Yesterday I took a few hours away from some current projects and visited the Niagara Butterfly Conservatory with my Olympus TG-5. I wanted to experiment a bit more with this camera so I could better understand its capabilities, especially when shooting in microscopic mode. This article shares a selection of Olympus TG-5 butterfly macro images.
NOTE: Click on images to enlarge.
It’s important for me to state right up front that I have never worked with any camera gear that allowed me to capture so many potential macro photography ‘keepers’ so quickly, as when using the Olympus TG-5. After about 2.5 hours at the facility, I ended up with over 100 potential ‘keeper’ images.
As is the case when using any new camera gear it does take some practice and experimentation. This was only my third time out using the Olympus TG-5 for macro-type photography and I really enjoyed the experience.
As with any photographic subject choosing a good shooting angle is very important, as well as your focusing point. During this visit to the Niagara Butterfly Conservatory I was more discerning in my selection of subject matter.
I found that it was actually fairly easy to get in close to subject butterflies if I used a very slow approach. In many cases I was able to move my TG-5 successively closer until I was almost touching a subject butterfly and not scare it away. The following two photographs are good illustrations of this. The first image is one of my initial captures, and the second image that follows it, is one of my final photographs of that particular butterfly.
When working with this level of magnification, hand-held technique is very important. I had my best success when I was able to brace both of my wrists on a hard surface when holding the camera. The shutter on the Olympus TG-5 is a bit stiff. This is likely a design issue to help ensure its underwater capability. Since it takes a bit more shutter finger pressure it is important to have the camera rock steady when shooting. One handed shooting is difficult because of the pressure needed on the shutter button.
Shooting with only one wrist anchored is certainly still possible. Choosing a shooting angle that allows more background lighting in the frame, and a corresponding faster shutter speed, is helpful.
I did miss a number of hand-held image captures. Most of these were caused by subject movement, or by me trying to use too slow of a shutter speed. At this point it looks like 1/40th of a second would be my realistic hand-holding limit with the Olympus TG-5.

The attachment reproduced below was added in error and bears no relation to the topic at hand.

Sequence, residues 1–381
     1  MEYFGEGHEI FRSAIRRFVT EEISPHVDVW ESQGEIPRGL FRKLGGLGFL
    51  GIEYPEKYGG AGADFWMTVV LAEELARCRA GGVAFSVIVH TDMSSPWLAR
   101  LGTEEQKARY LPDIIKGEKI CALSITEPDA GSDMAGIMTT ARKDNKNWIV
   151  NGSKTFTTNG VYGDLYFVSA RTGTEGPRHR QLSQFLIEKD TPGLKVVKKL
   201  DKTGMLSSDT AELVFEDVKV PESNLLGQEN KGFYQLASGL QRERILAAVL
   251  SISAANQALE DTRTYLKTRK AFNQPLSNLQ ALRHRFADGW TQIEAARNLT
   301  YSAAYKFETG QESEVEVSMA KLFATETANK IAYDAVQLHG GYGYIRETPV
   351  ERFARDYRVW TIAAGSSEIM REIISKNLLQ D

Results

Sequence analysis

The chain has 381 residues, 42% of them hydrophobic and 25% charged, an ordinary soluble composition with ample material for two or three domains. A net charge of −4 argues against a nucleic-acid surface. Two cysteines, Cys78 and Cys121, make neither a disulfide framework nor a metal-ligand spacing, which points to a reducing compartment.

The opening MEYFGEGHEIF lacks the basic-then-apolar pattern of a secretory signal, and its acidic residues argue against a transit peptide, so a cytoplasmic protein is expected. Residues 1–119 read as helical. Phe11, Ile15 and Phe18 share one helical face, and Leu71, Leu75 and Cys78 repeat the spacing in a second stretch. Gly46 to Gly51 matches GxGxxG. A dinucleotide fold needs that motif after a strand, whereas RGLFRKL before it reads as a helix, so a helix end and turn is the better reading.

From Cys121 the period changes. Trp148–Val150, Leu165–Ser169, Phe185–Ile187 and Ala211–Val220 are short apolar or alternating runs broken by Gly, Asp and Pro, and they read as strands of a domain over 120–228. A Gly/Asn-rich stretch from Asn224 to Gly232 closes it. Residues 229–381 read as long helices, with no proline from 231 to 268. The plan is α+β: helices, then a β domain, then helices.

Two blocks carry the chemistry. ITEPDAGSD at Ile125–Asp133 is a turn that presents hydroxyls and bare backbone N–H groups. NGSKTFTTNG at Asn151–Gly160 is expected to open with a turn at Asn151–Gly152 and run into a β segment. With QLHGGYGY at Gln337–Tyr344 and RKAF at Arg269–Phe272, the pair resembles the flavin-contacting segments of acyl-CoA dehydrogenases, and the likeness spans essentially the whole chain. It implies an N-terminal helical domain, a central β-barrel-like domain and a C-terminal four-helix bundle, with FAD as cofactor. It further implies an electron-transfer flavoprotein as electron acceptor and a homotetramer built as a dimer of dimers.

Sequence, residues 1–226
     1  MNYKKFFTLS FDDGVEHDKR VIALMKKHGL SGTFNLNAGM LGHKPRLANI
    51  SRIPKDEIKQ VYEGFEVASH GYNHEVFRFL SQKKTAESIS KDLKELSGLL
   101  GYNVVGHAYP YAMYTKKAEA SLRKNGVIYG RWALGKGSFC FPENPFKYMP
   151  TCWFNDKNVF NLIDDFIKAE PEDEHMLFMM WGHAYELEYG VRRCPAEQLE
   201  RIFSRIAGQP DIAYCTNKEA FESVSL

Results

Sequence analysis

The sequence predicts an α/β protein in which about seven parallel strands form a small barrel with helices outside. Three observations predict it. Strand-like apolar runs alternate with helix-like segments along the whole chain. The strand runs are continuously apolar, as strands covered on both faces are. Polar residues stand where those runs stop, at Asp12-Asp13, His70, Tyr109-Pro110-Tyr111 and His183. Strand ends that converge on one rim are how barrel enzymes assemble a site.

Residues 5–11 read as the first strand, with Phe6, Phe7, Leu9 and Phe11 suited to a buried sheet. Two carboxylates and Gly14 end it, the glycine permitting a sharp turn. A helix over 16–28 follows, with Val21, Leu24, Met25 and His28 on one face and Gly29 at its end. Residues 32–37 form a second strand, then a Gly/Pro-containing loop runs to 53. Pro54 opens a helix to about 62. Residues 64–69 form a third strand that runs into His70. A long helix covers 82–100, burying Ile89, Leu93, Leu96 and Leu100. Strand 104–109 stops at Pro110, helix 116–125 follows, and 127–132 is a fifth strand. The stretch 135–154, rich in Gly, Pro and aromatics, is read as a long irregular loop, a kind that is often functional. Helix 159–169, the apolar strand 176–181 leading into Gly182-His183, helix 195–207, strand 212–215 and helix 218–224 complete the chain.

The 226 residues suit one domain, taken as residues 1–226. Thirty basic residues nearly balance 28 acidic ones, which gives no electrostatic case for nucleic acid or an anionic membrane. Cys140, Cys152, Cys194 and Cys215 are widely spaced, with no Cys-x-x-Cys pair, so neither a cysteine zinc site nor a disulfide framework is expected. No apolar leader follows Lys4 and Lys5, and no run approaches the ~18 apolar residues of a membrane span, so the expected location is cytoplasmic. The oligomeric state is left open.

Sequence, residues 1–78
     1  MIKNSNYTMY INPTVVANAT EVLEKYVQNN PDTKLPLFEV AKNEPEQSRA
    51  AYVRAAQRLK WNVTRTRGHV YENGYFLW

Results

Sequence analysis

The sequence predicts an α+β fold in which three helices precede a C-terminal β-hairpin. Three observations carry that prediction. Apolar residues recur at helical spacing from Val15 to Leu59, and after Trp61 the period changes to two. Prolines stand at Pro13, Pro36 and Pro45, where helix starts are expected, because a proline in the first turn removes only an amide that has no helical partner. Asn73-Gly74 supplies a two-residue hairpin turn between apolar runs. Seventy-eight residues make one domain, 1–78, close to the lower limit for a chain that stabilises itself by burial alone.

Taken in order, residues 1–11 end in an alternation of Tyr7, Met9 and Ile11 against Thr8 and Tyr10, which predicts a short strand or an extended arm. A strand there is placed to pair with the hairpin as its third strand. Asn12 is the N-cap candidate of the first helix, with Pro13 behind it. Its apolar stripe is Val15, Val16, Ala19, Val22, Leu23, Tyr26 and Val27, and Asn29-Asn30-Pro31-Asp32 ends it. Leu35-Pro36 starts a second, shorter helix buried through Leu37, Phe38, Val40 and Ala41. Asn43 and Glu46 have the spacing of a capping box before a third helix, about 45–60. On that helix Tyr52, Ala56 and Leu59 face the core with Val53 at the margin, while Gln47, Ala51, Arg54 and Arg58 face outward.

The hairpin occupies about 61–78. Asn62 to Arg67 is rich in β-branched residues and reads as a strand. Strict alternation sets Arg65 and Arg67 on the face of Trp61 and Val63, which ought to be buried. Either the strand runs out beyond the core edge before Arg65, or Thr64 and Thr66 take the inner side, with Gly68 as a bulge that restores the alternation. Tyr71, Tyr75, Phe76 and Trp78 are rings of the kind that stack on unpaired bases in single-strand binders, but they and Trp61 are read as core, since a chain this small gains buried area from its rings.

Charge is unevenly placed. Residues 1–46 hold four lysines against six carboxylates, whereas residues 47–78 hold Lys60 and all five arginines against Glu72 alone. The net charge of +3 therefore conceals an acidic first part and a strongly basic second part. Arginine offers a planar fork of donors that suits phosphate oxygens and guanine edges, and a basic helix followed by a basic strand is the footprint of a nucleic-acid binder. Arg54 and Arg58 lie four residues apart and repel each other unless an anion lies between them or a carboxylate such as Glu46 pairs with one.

To give readers a good idea of the capabilities of the Olympus TG-5 when shot in microscopic mode, all of the images in this article are 100% captures with no cropping done to them at all.
As is often the case when working with small sensor RAW files in post, I had to be very aggressive with them. When working with these Olympus TG-5 butterfly macro images, I almost always took highlights to -100 in CS6 and black down to -50 or even further. After those adjustments I would work on bringing back shadow details.
PRIME noise reduction in DxO PhotoLab did a good job handling noise. I kept my ISO limited to ISO-1600. I will likely experiment with this in the future to see if I can realistically push that to ISO-3200. I am beginning to better understand how to handle the TG-5’s RAW files in post.
I was able to photograph an ant that was static long enough to grab a few images. As you can see with the image above, and the one below, choosing a focusing point on a subject is critical. I’ll need to practice a bit more!
Being able to confidently shoot hand-held at this higher level of magnification opens up some additional creative opportunities that I am looking forward to explore.
The Olympus LG-1 LED macro ring light is an important accessory to purchase for this type of photography. All images in this article were shot using that ring light. If you purchase an Olympus TG-5 be sure to download the online manual. The basic information provided in the camera box is inadequate.
All photographs in this article were captured hand-held using camera gear as per the EXIF data. All images were produced from RAW files using my standard process of DxO PhotoLab, CS6 and the Nik Collection.
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